An academic transcript carries weight because it is an official record from the institution. If treated the same way, a co-curricular transcript can carry weight as well, but it has more potential to be useful. (In fact, that is part of the goal —”Making Transcripts More Than ‘a Record of Everything the Student Has Forgotten’.”)
While an academic transcript is at most a list of classes taken and grades received used mainly for verification purposes, the co-curricular transcript can be so much more. At a minimum, it can be a list of co-curricular involvement used to check against someone’s resume or to help a student remember everything they participated in while in school.
At its best, a co-curricular transcript can help students build essential workforce skills learned outside the classroom through actionable pathways your institution creates. In addition to tracking all those achievements, students are able to provide prospective employers and graduate schools with a comprehensive outline of their skills and experiences, demonstrating exactly what they did to achieve the skills they list.
This is more powerful than a resume or standard transcript alone, by far.
4. Clearly connecting involvement with positive outcomes
For those in student affairs, the connection between involvement and positive student outcomes is the foundation on which our house is built.
We get it, but do others? What more could be possible if student leaders, boards of trustees, faculty, and employers understand this relationship better?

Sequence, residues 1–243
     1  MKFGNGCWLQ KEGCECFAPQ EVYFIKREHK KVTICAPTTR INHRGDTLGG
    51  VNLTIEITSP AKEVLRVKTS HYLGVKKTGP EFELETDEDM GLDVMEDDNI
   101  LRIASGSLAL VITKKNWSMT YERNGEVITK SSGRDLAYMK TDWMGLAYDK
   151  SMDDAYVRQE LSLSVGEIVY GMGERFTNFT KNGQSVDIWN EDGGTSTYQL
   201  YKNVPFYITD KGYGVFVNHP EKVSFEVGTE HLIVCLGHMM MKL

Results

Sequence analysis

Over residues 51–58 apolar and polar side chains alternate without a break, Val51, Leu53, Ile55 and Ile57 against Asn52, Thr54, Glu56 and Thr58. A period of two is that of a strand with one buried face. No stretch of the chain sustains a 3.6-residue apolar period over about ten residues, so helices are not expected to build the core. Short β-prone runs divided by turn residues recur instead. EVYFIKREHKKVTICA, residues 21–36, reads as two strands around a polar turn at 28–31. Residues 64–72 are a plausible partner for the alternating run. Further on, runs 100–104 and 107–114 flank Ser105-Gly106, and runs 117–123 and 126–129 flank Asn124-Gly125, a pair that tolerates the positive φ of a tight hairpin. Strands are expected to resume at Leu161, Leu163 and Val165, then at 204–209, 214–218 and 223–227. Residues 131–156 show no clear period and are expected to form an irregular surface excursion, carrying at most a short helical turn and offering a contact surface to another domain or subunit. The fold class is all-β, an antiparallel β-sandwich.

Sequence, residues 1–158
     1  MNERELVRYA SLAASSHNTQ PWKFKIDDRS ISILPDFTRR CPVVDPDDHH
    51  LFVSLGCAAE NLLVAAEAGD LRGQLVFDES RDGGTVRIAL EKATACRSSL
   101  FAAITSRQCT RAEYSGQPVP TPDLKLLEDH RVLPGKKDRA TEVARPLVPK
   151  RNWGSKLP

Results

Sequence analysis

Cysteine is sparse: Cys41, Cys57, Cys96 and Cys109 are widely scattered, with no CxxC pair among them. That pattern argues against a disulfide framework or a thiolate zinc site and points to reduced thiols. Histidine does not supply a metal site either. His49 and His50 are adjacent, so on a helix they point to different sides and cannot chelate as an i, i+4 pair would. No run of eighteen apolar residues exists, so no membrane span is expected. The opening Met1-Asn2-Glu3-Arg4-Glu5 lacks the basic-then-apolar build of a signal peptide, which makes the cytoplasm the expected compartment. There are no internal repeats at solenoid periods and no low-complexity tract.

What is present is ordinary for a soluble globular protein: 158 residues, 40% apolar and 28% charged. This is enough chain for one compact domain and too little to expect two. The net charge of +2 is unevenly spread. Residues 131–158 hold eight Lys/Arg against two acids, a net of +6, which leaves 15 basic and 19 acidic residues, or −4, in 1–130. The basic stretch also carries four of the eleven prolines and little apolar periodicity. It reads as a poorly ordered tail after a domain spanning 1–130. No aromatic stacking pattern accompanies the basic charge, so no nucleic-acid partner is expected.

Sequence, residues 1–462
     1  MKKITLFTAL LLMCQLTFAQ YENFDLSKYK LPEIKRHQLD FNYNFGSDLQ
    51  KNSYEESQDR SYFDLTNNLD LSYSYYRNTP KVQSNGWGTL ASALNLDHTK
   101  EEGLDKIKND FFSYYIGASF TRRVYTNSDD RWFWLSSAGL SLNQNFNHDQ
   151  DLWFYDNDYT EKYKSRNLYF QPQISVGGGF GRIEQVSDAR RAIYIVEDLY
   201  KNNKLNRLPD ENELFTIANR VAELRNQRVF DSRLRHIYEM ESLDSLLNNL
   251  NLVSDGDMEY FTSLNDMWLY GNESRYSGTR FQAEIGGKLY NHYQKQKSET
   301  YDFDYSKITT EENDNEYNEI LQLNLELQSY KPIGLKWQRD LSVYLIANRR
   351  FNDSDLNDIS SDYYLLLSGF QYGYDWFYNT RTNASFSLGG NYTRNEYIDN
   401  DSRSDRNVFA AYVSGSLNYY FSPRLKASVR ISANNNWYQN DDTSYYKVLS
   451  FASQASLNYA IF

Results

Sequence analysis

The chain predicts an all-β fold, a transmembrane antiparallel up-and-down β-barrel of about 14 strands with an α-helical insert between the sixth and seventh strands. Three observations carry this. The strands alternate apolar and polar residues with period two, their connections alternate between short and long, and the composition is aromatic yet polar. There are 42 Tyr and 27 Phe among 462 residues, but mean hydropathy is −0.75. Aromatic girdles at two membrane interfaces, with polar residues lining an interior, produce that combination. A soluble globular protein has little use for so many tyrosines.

Co-curricular transcripts help make that needed connection. Find an option that includes a tracking system and deep level data analysis that is actually understandable, and you empower and include more people in the conversation. A co-curricular transcript is also a visual tool that validates the work of student affairs, making the abstract more concrete to those outside our field.
A co-curricular transcript is a living and breathing document in progress from the start of a student’s college career, one that keeps up with the student on its own rather than relying on the student to enter their information every time they are engaged on campus. Co-curricular transcripts help students see, in real-time, the narrative they are creating for themselves.
This not only empowers them to discover (and craft) a storyline that aligns with their goals but enables them to feel informed and confident because they can see the connection between their involvement and the competencies it enables.
A co-curricular transcript with comprehensive, real-time data also allows higher education professionals to easily determine the efficacy of various programs on their associated learning outcomes, which in turn allows you to adjust your programming in response.
Do you use co-curricular transcripts on your campus? Have you connected co-curricular transcripts with your general campus programming? I’d love to hear how you’re approaching this storytelling tool. Let me know on Twitter @PriyaThomas757!